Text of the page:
Judging by the Founders’ Day award ceremony Friday, Knox alumni are making a worldwide impact from Tucson to Laramie, and Wyoming to South Sudan.
The annual ceremony is held to present the Alumni Achievement Awards to recipients chosen by a selection committee of the Alumni Council. This year’s recipients, who had been asked to talk about how their experiences at Knox have affected their lives, spanned a breadth of professions and passions.
Alumnus Ross Kelly, ’03, recipient of the 2011 Young Alumni Achievement Award, was honored for his humanitarian work in South Sudan. As described during his introduction by Professor of English Robin Metz and Professor of Theatre Elizabeth Carlin-Metz, Kelly worked with Teach for America, teaching art for two years in a rural Arkansas school. He had planned to go to graduate school, but he deferred those plans.
“I left for Sudan with the intention of making a documentary about the construction of a children’s home,” Kelly wrote in his blog, “Deep South Sudan.” “Things didn’t go as planned.”
Kelly ended up working for the children’s home, serving as a father figure for Sudanese children. His documentary fell apart, and he blogged about his experiences.
“[At Knox] I discovered the secret of pretending to know what I’m doing,” Kelly said. “I have had some success in applying this method to my life.”
This changed when he started at the children’s home.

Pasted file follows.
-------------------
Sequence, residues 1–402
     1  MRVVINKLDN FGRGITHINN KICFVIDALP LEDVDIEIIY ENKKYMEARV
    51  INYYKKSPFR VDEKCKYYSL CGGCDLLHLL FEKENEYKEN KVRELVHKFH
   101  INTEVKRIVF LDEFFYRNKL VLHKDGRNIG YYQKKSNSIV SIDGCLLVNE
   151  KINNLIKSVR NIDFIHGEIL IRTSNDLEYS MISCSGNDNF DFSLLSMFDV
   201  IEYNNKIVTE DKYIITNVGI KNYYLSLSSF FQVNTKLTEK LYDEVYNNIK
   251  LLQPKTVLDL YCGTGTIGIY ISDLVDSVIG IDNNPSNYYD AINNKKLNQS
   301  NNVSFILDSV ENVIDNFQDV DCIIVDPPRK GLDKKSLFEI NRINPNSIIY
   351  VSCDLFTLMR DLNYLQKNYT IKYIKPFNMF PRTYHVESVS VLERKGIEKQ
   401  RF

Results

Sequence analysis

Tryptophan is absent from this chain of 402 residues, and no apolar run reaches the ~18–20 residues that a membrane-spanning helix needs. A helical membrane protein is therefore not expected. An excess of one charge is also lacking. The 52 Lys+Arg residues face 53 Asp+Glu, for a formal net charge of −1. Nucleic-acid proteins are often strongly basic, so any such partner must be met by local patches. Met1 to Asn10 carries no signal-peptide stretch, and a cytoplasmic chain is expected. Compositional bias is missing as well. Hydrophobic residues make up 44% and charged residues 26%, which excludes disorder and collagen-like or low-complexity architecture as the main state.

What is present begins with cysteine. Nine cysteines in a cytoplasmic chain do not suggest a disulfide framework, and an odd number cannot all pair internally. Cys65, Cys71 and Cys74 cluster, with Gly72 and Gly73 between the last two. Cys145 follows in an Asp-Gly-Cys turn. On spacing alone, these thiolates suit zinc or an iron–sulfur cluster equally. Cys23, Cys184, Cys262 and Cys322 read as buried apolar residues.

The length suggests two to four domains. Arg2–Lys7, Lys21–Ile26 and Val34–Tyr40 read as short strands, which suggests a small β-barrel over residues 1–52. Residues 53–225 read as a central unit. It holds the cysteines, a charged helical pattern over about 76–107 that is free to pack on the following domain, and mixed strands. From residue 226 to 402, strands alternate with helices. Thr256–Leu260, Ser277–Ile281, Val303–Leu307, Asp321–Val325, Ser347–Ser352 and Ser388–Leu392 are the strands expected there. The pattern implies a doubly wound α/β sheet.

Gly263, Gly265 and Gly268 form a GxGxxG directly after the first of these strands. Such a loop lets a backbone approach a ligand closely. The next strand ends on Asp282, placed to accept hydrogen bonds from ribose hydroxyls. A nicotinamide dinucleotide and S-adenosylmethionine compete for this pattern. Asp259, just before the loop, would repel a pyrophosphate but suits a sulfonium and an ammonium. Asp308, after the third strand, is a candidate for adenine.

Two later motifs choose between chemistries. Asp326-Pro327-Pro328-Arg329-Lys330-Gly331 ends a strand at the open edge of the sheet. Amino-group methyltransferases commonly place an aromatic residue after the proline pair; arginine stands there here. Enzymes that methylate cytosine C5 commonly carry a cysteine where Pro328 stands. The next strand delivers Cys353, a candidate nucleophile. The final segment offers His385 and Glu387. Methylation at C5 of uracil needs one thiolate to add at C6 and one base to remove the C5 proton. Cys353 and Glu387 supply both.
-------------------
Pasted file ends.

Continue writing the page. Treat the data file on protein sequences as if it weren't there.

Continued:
“A strange thing happened, though,” he said. “As I pretended to know what I was doing, I became something real. For all intents and purposes, I became a father to those kids.”
He dedicated the “attention and honor” of his award to the kids in Sudan.
The first Alumni Achievement Award was presented to Valerie Cwik, ’77, a specialist in neuromuscular diseases and Executive Vice President of Research, Medical Director and chief spokesman for the Muscular Dystrophy Association. She has taught at the University of Arizona and the University of Alberta in Canada.
“What was most special about Knox, and in my mind is the college’s biggest asset, is the faculty.” Cwik said. “It was pretty clear that the faculty wants the students to succeed, and they inspired us to excel.”
She also lauded the campus community and the Knox student’s ability to make connections and develop relationships with faculty members.
The second Alumni Achievement Award recipient was William Reiners, ’59, an ecologist who has worked at Rutgers University, Dartmouth College and the University of Wyoming, where he currently teaches. Associate Professor of Environmental Studies Peter Schwartzman introduced Reiners as “one of the most prominent ecosystem ecologists in the world.”
Reiners talked about how friends, environment and faculty were the three elements of his Knox education which influenced him most.
“Knox launched me on a lifelong quest to seek what is right, what is beautiful and what is true,” Reiners said.